The Spy Who Loved is the biography of Polish socialite Christine Skarbek who became British spy Christine Granville during World War II. While Christine’s life is fascinating in and of itself, this biography also reveals the difficult road of women who served in non-traditional roles during the war as well as highlighting Poland’s tragic history in the 20th century.
Mulley has clearly done an enormous amount of research on her subject, who certainly didn’t make it easy. Granville left very little behind, and the men who served with her and loved her made a pact not to reveal details of her life and to protect her memory after her death. Mulley tracked down sources written by contemporaries and was able to access personal archives as well as interview some who knew her. When her sources differ on the details of an event, Mulley goes to great pains to present the reader with all the conflicting stories before offering her own opinion as to what really happened. For example, it’s not clear whether or not Ian Fleming and Christine were acquainted or involved with one another, and perhaps Vesper Lynd from Casino Royale is based on Christine. Or not. One of my criticisms of this book is that it gets bogged down in details that could have been relegated to a footnote. Another is that the writing is sometimes repetitive. As a result, the story can drag along.
The best chapters are those that deal with Christine in action. When the war broke out in Poland, she was in South Africa with her husband. They made their way to England and Christine was the first woman involved in British special operations (spy stuff). Her goal was to get back to Poland to fight the Nazis and win back Poland’s freedom. The missions she supported were thrilling to read about. It was also interesting to note that because Christine was in Poland on behalf of Britain, the Poles who supported the government-in-exile were suspicious of her and wouldn’t work with her. This led to frustrating complications for Christine that had an impact on her work throughout the war.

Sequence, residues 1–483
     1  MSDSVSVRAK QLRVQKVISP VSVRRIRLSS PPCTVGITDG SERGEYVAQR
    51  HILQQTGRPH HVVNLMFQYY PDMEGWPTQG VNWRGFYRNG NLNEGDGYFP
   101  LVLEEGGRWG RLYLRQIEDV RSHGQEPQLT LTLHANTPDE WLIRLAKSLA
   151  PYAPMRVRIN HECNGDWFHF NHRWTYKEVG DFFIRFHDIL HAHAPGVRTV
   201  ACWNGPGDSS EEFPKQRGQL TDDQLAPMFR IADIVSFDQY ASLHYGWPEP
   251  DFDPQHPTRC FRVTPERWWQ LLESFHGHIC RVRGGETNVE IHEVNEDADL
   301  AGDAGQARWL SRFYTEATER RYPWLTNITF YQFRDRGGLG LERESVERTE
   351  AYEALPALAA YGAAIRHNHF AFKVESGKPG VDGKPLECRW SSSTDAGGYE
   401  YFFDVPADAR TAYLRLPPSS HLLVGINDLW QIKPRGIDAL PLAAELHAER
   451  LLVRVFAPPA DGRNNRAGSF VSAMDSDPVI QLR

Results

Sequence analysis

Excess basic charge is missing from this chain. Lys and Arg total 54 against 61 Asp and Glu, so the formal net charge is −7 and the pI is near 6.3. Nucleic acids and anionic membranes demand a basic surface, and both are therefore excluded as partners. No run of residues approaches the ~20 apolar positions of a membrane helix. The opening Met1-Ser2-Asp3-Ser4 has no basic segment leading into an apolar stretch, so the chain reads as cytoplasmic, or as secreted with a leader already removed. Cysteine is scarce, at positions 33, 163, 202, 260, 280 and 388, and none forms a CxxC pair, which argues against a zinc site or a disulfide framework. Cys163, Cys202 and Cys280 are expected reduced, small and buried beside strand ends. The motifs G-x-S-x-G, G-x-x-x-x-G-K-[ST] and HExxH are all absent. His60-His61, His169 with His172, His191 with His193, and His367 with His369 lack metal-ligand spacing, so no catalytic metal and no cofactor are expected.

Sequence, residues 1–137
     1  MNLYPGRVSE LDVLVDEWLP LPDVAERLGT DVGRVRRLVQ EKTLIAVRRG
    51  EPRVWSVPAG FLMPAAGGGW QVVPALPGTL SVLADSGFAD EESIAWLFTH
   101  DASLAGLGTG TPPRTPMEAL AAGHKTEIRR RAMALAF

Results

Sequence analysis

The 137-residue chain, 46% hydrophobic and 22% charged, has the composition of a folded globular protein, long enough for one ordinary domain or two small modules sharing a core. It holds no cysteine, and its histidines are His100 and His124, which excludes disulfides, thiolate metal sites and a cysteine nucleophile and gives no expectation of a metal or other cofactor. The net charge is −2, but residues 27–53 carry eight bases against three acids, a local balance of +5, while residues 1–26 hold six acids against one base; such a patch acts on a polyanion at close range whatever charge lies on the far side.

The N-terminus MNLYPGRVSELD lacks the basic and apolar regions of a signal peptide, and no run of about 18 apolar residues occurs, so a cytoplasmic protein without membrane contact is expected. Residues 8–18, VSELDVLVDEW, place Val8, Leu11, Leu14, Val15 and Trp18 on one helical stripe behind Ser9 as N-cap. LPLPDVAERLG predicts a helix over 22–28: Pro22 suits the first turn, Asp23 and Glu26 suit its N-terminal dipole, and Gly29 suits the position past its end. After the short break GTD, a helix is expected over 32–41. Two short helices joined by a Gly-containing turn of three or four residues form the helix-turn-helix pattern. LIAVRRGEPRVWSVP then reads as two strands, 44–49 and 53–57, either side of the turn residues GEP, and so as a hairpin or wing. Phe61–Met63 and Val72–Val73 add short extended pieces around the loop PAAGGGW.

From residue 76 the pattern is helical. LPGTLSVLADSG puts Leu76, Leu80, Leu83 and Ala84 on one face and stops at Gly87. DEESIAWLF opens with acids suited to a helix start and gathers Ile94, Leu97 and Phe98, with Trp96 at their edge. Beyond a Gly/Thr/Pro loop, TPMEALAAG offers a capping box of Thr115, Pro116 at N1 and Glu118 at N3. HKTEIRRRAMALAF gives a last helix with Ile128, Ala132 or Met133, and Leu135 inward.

As the Nazis conquered Eastern Europe, Christine in her lover/lifelong friend Andrzej Kowerski managed to keep ahead, working their way through the Balkans and eastern Mediterranean before reaching Cairo. Honestly, this section of the book is somewhat tedious but it does show how Christine struggled to get placed on missions despite her exemplary and daring track record. Eventually, she wa
s sent to occupied France, where the story gets very interesting again. By all accounts, Christine had a magnetic personality, not just winning over many men as lovers, but also talking her way around the Gestapo and even charming their guard dogs. She was a fearless and courageous patriot, who seemed to thrive on danger and adventure.
Once the war was over, Christine’s treatment by the British was shameful. She struggled to get citizenship, even when being offered some of the highest service awards for her contribution to the war effort, and she never really found meaningful work that would make the most of her formidable talents. Her tragic death in 1952 came just as she was about to move from London back to Europe.
While I enjoyed parts of this book, and I think that Christine’s story is amazing and inspiring, those who would like to learn more about women’s roles in intelligence during WWII might find a more accessible read in Sarah Helm’s 2006 work A Life In Secrets: Vera Atkins and the Missing Agents of WWII. Helm is a journalist and seems better able than historians or biographers to cut through the detail to put a readable story together (her book is longer than Mulley’s but seemed shorter to me). Plus, the women and men whose stories are featured in Helm’s book are some of the same people you meet in Mulley’s. Just not Christine.